Football is an important part of the life of many Italians. You read the news in the newspapers, you follow the games on TV. We get excited and beat down, fight with our colleagues and friends, make bets, and harbor hopes. And we have been doing it for decades, because football, for better or for worse, is one of the most representative faces of us and of Italy.
It is therefore inevitable that, over the years, some songwriters have tried to put our passion into music. To grasp the most poetic or intense aspects, and to put them on a pentagram. In reality, however, the football songs are fewer than one would expect. Perhaps because it is not easy to remain detached and at the same time be able to grasp the magic and emotion of those moments.
FROM GREAT BRITAIN TO ITALY
If you can console us, this difficulty is not only for Italian. Even in Great Britain, the home of both football and pop music, significant football tracks are quite a few. Much more often, fans adapt pieces of love or any other subject by turning them into the anthems of their teams (as in the case of You’ll Never Walk Alone, Blue Moon, or others). Of course, someone has tried to write pieces about football, but the results do not always live up to expectations.
However, if one searches the archives carefully, one can find something valid in Italy. These are pieces that perhaps make football a metaphor for life, or that celebrate its festive atmosphere. Songs were written mostly by songwriters, people who do not feel at all uncomfortable looking for poetry in the little everyday things. Here they are, then, with a quotation of their most significant verses and a few notes on their history.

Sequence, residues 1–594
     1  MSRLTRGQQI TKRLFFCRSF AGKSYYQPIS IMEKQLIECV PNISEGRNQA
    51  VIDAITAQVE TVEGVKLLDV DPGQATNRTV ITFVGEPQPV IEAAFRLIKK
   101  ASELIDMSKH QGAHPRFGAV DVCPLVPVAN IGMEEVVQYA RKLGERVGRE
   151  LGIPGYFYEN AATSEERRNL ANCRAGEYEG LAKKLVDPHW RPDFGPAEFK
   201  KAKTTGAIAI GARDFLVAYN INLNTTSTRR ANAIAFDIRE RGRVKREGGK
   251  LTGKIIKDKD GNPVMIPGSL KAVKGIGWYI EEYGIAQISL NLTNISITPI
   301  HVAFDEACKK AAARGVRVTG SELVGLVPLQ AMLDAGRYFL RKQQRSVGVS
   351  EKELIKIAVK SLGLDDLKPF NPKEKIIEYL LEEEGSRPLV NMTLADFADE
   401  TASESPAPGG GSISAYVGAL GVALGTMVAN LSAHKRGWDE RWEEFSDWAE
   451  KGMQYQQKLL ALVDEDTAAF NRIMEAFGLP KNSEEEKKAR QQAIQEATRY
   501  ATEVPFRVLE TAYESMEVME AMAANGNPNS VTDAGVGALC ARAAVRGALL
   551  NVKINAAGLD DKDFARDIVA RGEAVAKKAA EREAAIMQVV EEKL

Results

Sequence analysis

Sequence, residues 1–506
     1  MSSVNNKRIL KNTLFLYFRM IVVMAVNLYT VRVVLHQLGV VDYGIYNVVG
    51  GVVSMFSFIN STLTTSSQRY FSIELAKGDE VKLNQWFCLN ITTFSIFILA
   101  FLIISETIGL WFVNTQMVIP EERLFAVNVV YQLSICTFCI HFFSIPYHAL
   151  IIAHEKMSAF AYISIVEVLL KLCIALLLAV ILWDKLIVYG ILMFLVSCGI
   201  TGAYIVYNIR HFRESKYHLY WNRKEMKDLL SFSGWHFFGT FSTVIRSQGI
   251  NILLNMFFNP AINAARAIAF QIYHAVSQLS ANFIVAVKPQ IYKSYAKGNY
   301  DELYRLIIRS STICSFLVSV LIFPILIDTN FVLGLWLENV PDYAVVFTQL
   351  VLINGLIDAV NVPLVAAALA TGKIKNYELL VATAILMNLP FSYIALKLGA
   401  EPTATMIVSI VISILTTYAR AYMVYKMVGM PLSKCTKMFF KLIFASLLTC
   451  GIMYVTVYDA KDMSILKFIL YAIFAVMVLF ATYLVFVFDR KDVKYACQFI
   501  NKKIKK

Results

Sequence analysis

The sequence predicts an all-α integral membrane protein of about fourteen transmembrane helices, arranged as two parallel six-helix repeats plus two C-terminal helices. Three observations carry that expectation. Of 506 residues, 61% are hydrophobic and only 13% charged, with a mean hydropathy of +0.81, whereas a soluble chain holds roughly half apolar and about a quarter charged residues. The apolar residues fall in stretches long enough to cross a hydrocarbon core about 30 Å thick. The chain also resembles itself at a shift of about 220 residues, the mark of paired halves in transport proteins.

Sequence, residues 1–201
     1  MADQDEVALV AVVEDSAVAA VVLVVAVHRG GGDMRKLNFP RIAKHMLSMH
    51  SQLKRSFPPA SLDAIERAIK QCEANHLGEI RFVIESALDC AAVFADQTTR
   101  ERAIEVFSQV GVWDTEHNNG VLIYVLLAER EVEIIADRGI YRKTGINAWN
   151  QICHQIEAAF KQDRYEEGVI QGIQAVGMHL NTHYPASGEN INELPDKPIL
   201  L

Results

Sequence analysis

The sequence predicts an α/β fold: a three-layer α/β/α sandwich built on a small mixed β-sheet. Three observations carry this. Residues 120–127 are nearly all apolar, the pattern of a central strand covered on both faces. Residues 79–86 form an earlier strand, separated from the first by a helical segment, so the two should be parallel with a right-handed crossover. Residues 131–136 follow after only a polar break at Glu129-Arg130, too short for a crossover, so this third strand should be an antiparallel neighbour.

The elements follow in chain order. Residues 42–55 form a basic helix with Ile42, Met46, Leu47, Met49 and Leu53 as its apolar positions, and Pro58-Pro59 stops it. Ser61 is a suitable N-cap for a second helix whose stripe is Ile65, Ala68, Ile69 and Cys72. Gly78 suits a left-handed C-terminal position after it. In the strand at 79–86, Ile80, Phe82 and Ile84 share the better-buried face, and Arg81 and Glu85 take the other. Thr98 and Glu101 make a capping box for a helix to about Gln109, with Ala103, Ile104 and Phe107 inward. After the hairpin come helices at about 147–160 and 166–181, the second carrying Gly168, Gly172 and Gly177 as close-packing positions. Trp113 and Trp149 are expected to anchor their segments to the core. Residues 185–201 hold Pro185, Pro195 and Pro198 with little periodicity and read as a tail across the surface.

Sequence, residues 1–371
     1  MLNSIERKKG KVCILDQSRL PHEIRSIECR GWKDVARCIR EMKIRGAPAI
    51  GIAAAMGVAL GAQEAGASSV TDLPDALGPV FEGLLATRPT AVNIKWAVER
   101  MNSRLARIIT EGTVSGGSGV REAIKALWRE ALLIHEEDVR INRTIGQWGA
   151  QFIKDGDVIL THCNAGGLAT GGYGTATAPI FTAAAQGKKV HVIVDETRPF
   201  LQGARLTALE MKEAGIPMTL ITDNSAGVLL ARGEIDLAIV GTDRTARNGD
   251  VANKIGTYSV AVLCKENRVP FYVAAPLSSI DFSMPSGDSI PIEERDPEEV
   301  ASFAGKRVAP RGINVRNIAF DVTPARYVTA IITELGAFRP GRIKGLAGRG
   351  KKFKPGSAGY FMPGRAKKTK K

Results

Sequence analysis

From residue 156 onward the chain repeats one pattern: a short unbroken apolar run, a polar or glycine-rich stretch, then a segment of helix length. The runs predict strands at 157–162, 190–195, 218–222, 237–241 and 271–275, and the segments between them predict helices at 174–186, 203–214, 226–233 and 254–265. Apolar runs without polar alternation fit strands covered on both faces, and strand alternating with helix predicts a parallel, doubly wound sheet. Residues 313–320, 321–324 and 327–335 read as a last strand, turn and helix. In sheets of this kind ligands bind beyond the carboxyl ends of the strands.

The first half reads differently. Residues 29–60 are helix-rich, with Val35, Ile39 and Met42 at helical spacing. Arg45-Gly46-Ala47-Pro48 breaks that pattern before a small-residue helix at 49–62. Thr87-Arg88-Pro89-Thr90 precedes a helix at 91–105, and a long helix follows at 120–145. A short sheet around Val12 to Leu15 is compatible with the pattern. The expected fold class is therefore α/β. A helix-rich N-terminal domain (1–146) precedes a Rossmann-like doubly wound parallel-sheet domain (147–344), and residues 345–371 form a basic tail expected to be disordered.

Francesco De Gregori – The footballing lever of the 1968 class
Nino, don’t be afraid to take a penalty kick
The most beautiful song that has ever been written in Italy about the game of football is probably Francesco De Gregori’s La Leva della classe ’68. Not surprisingly, it is used every time you want to tell about this sport, beyond cheering and money. Little Nino who doesn’t have to be afraid to take a penalty kick is the symbol of all the players who wear studded shoes and start running after a ball. Of all the hopes and fears that chase us on the grass.
The song was written in 1980, and in fact tells of a 12-year-old boy, born in 1968. It was included in the eighth album of the Roman singer-songwriter, Titanic, where it actually represents a moment of leisure from what in other ways would seem like a concept album. The central theme of that record is in fact the story of the ocean liner that sank in 1912. An ocean liner that becomes the metaphor of the drift towards which modern society seems to be heading, confident towards the future but for this very reason unable to foresee its own ruin.
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The story of Nino, on the other hand, for this very reason may well be within that record. Because if adults face ruin, there is however a new generation – born not by chance in 1968 – which is preparing to face the challenges of life. And maybe, if he can understand what are the “details” with which “a player is judged”, he will be able to guide us towards a better future.
Nino understood from the first moment,
the coach seemed happy
and then he put his heart inside his shoes
and ran faster than the wind.